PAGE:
When Stuart Lancaster names his England training squad for the Rugby World Cup on Wednesday, he will be congratulated and criticized.
Either reaction will hinge on the selection, or not, of No. 8 Steffon Armitage and fullback Nick Abendanon. They have been impressive in the European Champions Cup and Top 14. Armitage was last season’s European club player of the year, and shortlisted again this year for the award given to Abendanon.
But they play for clubs in France, and that’s the problem, or not.
England has had a policy of not picking players based overseas since November 2011, in the wake of the humiliating Rugby World Cup campaign in New Zealand. The English RFU signalled the move a year beforehand as a pre-emptive strike, when signs were strong that cash-happy French clubs were lining up to grab English stars off contract.
The policy was largely successful in keeping English stars in England, and the Premiership has enjoyed peace and prosperity.
The policy came with a proviso, that only in “exceptional circumstances” could an England coach pick an overseas player, and it has yet to be enacted.
Wednesday could mark the first time, when Armitage or Abendanon or both could be picked. Or neither, if the overwhelming majority of English observers is taken into account.
Martin Johnson, Lancaster’s predecessor who took four overseas players to the 2011 Rugby World Cup, was against picking the pair.
“If you’re good enough, you want to have the best opportunity to play for your country, and play in the biggest games of all, which are test matches and World Cups,” Johnson says.
“If you don’t get yourself in England, rightly or wrongly, you’re not going to get the chance. If they really wanted to come and play, they’d be here doing it.”
Lawrence Dallaglio: “The best players in this country should play in the country. The rules are very simple. I don’t think they should be broken.”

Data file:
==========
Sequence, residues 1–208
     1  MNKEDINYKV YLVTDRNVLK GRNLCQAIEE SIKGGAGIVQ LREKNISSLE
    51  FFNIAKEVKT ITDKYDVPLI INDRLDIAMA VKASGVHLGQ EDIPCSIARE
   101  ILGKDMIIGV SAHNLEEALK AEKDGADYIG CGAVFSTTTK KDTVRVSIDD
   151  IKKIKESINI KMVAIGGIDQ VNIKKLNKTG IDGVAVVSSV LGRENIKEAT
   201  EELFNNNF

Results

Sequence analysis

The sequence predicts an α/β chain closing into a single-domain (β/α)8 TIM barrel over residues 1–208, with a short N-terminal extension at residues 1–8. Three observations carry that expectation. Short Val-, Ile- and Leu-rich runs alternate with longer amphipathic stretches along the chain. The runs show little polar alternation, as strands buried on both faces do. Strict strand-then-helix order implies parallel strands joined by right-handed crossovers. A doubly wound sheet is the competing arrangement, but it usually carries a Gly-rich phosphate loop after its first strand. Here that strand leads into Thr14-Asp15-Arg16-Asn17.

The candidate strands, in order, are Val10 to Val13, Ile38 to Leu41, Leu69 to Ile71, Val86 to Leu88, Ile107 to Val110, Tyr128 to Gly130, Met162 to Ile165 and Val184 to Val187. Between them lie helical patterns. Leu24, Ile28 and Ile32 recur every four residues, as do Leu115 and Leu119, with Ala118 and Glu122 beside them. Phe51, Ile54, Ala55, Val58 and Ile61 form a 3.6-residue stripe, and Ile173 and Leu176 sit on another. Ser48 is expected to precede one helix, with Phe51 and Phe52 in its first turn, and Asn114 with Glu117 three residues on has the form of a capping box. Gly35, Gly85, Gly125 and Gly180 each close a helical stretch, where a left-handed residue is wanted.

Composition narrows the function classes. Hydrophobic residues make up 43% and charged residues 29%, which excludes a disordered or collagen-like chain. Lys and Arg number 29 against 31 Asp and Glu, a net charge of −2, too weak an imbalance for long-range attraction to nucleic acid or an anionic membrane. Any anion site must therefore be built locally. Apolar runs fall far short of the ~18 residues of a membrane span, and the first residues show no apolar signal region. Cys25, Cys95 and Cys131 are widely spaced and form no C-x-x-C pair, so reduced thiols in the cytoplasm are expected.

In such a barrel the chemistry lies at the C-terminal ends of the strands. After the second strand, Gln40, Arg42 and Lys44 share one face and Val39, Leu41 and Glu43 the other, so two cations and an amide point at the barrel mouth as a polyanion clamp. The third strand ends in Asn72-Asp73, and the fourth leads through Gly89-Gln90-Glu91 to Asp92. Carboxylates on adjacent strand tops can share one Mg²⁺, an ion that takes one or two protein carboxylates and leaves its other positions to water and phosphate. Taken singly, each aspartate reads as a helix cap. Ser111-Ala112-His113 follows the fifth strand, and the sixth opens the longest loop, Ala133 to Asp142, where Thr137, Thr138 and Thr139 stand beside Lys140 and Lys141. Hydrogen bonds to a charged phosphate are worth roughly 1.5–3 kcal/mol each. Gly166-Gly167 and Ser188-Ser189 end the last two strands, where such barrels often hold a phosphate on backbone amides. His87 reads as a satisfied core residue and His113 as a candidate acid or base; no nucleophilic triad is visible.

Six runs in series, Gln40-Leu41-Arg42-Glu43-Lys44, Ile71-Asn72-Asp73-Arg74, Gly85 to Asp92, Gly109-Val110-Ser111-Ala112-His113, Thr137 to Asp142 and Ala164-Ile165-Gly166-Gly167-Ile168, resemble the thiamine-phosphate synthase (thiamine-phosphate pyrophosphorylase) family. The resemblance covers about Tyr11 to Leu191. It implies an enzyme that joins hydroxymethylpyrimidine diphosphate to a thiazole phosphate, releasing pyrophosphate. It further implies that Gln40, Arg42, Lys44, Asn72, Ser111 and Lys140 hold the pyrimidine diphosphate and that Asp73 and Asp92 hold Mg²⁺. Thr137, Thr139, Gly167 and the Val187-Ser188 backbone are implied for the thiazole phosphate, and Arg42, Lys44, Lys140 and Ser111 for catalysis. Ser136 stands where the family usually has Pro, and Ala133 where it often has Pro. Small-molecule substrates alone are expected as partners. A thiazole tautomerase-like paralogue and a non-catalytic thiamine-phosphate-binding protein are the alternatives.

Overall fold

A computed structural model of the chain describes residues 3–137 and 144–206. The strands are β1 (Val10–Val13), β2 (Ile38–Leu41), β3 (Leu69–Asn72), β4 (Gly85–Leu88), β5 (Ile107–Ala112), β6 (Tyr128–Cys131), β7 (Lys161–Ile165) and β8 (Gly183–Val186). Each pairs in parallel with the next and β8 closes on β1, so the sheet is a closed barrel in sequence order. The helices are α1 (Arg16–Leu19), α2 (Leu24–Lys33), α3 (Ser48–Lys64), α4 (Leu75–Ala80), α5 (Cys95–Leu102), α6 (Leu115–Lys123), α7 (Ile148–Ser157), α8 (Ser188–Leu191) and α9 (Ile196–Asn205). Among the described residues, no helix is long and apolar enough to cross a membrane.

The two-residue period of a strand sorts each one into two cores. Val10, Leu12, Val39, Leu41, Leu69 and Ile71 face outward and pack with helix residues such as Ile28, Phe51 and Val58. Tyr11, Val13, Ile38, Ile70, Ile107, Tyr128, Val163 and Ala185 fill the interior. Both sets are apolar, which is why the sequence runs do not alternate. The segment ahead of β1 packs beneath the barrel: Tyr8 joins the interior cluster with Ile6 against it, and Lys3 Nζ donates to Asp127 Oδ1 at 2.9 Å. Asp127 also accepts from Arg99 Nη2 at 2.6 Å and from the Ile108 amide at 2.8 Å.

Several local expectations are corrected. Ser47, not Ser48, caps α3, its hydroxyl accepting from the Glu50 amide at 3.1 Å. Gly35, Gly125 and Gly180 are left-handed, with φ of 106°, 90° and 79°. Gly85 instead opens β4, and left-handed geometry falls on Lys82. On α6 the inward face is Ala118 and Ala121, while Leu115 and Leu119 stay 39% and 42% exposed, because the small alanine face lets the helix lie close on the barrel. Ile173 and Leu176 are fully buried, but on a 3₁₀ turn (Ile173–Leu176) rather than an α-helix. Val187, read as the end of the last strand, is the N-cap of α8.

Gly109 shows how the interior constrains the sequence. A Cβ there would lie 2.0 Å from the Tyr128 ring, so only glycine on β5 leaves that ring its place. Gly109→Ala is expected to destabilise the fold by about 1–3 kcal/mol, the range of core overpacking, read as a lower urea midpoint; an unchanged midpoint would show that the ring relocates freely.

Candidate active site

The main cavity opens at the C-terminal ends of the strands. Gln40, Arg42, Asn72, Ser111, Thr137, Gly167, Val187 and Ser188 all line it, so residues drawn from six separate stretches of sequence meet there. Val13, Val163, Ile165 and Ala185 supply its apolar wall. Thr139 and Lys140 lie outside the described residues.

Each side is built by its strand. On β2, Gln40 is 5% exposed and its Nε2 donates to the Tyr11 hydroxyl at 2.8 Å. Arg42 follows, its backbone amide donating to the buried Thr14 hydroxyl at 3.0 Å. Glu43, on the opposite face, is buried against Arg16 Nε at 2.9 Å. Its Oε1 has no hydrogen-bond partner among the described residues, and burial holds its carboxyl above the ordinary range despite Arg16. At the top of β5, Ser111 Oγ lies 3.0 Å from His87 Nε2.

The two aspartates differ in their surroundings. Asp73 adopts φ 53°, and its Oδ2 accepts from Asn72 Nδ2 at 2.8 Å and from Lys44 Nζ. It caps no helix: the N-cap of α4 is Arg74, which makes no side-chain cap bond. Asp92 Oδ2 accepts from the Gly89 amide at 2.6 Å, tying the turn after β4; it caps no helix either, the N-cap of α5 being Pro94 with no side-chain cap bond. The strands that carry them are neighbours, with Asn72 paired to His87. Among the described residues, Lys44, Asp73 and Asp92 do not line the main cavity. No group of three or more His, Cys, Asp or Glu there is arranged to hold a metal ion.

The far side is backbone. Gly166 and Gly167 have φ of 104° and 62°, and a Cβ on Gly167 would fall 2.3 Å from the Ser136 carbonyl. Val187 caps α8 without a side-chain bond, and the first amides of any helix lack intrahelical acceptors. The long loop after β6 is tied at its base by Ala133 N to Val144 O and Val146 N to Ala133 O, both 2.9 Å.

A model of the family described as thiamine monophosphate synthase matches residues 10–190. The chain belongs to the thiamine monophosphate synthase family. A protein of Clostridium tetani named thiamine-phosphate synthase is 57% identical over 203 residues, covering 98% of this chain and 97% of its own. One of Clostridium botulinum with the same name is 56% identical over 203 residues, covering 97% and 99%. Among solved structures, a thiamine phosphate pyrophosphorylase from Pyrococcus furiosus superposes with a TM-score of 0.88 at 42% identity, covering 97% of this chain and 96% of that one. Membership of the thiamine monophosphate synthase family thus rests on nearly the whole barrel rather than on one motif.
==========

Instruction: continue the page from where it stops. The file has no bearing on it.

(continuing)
Mike Tindall: “It sets a good precedent for England if they stick to it, because if they didn’t, that would open the door to others to move abroad, too.”
Martin Corry: “I don’t see any player playing overseas who is considerably better than what we have got at the moment.”
Jason Robinson: “England have to stick to what they’ve said all along, as it wouldn’t be fair on the guys who have sacrificed other opportunities to stay in the country.”
Premiership directors of rugby Richard Cockerill, Mike Ford, Conor O’Shea and Dai Young are all on the same page, while the most outspoken has been England hooker Tom Youngs.
“I don’t know how well it would go down with the whole team,” Youngs says. “It is not just the individual (rival) affected, but it is the other guys who might look upon that and might not agree with it.”
Whoa. Are England players that insecure? The strong culture in the side that Lancaster has admirably developed would suddenly splinter because of jealousy? If it was that easy, then the culture couldn’t have been that strong.
Internal competition is supposed to make a team better, and Youngs’ comments are a knock on his teammates’ ability to accept new faces, and Lancaster.
And it’s not like Armitage or Abendanon are strangers to Lancaster. Armitage crossed his path when he was head of elite player development, and picked by Johnson for five caps in 2009.
Abendanon played two Rugby World Cup warmup matches in 2007, and was summoned as injury cover for the final in Paris. He played under Lancaster with the 2010 England Saxons, and Johnson picked him in the training squad for the 2011 Six Nations.
Both headed for France believing they were no longer in the England selectors’ sights.
“Playing in France has rejuvenated our games,” Abendanon says, “and whether we get rewarded for that is up to Stuart.”
Armitage tried to return to England for this season until the attempt failed in October. His Toulon club were prepared to release the loose forward on a six-month loan, but the financial terms were too much for Bath, whose request for help from the English RFU was declined.
It’s ridiculous to believe picking him or Abendanon will ultimately bring down the Premiership. There are already a host of English players plying their trade in France and elsewhere. Everyone knows the rules and, just like in England, not all of the players are at a level that makes them test worthy.
This is about picking the best, a current issue in English sport with Kevin Pietersen on the outs with cricket officials.
And this is not about the Six Nations or friendlies. This is about a first Rugby World Cup at home in 24 years, and a chance to win a first title in 12 years.
England is still a work in process, unable to ignore help. Armitage has managed to stand out in a champion team of veteran internationals, while Abendanon was hailed for his “consistent world-class performances” this season.
They have their backers.
Will Greenwood, of the world champions of 2003: “The ability to invite them in and prove themselves in the warmup games, fine. They can play in the World Cup if they get invited, and they prove themselves at the camp throughout July and August.”
Tom Croft, the England flanker: “It’s about winning a World Cup. Whatever is the best way to win that cup is the way that I would go. That could mean picking English players playing in France or other countries.”
The ball is in Lancaster’s hands.
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